EAST RUTHERFORD, N.J. -- Chicago Bears coach Matt Nagy is somewhat of a team historian.
Nagy hasn’t even been on the job a full season, but his appreciation for the franchise’s storied tradition is well-documented.
Nagy previously paid homage to the organization by lining up the Bears' backfield in the famous "T-Formation" to begin the year, and later by personally handing out jerseys of former Bears legends to the current members of the team and coaching staff.
On Sunday, Nagy offered up another tribute, calling for a handoff to 332-pound defensive lineman Akiem Hicks on the goal line against the Minnesota Vikings. It was reminiscent of William "The Refrigerator" Perry, the defensive tackle for the 1985 Bears, who scored two rushing touchdowns in the regular season and one in Super Bowl XX.
"We call that play, 'freezer left,' Nagy said after the Bears’ 30-27 overtime loss to the Giants.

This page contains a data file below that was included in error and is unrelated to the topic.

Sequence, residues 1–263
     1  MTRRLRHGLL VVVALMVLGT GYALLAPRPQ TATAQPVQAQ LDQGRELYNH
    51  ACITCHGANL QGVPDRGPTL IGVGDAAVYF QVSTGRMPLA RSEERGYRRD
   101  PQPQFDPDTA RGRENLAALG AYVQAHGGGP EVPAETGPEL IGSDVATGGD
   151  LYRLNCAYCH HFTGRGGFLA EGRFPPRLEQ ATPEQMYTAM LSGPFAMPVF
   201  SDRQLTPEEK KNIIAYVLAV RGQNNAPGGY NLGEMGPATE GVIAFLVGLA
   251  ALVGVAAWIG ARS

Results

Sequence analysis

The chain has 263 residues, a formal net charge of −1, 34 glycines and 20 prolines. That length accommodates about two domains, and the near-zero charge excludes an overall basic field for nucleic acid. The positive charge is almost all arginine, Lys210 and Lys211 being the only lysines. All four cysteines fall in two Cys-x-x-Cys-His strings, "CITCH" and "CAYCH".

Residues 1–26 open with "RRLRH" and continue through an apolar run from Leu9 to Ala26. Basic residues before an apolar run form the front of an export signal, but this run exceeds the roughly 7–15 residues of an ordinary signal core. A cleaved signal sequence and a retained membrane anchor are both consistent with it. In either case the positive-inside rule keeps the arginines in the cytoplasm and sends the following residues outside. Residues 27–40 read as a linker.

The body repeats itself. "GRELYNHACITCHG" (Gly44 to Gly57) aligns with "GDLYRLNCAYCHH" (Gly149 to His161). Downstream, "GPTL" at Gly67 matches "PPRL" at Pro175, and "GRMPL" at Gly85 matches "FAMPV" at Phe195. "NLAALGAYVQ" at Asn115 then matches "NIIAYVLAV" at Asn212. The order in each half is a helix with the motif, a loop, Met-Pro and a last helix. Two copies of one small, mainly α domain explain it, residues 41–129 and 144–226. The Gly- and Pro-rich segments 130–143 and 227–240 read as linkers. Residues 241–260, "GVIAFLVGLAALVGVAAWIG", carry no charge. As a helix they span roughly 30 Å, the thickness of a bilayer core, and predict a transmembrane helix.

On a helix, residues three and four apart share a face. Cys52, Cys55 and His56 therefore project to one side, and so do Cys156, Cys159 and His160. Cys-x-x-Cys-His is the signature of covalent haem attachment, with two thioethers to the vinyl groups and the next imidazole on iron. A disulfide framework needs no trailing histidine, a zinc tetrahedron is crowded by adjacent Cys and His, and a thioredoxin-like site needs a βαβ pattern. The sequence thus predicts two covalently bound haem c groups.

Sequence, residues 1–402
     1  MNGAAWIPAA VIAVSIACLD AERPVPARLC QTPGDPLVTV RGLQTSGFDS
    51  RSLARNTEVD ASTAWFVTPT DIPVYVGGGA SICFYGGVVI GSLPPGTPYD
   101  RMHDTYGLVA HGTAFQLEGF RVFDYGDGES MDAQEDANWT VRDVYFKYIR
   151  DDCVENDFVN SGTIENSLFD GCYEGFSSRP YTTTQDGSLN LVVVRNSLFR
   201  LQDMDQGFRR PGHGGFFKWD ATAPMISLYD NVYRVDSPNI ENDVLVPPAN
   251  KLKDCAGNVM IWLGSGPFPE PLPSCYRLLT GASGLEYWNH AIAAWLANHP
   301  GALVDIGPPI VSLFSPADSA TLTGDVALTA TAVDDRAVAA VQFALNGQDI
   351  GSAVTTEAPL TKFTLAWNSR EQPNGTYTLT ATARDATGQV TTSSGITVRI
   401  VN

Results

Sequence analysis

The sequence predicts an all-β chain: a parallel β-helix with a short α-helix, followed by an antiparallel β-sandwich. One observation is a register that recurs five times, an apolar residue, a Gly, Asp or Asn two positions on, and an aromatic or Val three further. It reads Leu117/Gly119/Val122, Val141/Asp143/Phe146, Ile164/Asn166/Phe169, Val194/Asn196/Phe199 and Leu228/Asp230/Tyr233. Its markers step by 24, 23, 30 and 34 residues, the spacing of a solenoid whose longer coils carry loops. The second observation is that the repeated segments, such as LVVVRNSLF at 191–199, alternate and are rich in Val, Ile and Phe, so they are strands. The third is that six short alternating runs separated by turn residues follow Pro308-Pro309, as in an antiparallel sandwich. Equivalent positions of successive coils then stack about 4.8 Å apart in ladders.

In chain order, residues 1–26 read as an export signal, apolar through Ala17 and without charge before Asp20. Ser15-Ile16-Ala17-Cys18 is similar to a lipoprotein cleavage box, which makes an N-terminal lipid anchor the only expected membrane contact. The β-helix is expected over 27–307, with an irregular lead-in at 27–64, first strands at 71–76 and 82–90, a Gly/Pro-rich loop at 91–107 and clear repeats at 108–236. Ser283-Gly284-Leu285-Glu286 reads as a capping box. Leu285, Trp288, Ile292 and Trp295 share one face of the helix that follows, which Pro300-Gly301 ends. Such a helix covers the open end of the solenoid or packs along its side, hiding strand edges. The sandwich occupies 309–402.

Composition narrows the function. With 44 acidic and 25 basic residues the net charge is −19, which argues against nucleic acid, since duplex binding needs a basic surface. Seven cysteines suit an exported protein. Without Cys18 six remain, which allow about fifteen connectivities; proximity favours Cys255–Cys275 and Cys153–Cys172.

The play worked as Hicks scored from 1-yard out, the first time he said he’d ever carried the football in a game and tied the Giants 7-7.
"The first time ever ... ever," Hicks said. "I play defense. I’ve been hitting people on the football field since I’ve been very young."
Unlike Perry, who famously spiked the ball in the end zone following touchdown runs, Hicks ran back up the field and over to the Bears bench while cradling the ball in his arms.
"I didn’t ever want to give the ball up," said Hicks, who scored on a fumble return with the New England Patriots in 2015. "I never wanted to give it up."
Nagy said the Bears had been waiting for the right opportunity to use Hicks on the goal line.
"We’ve had that play in for weeks and we’ve been practicing it," Nagy said. "The rain was coming down, and I don’t know if you could tell, but there were times out there when the ball was slick, so in that situation we felt that we needed to get the snap from under center and give him a chance. Akiem is hard to stop down there with a full head of steam."
The last Bears defensive player with an offensive touchdown was Brian Urlacher on Dec. 23, 2001, when he caught a 27-yard touchdown pass from Brad Maynard on a fake field goal attempt, according to ESPN Stats & Info.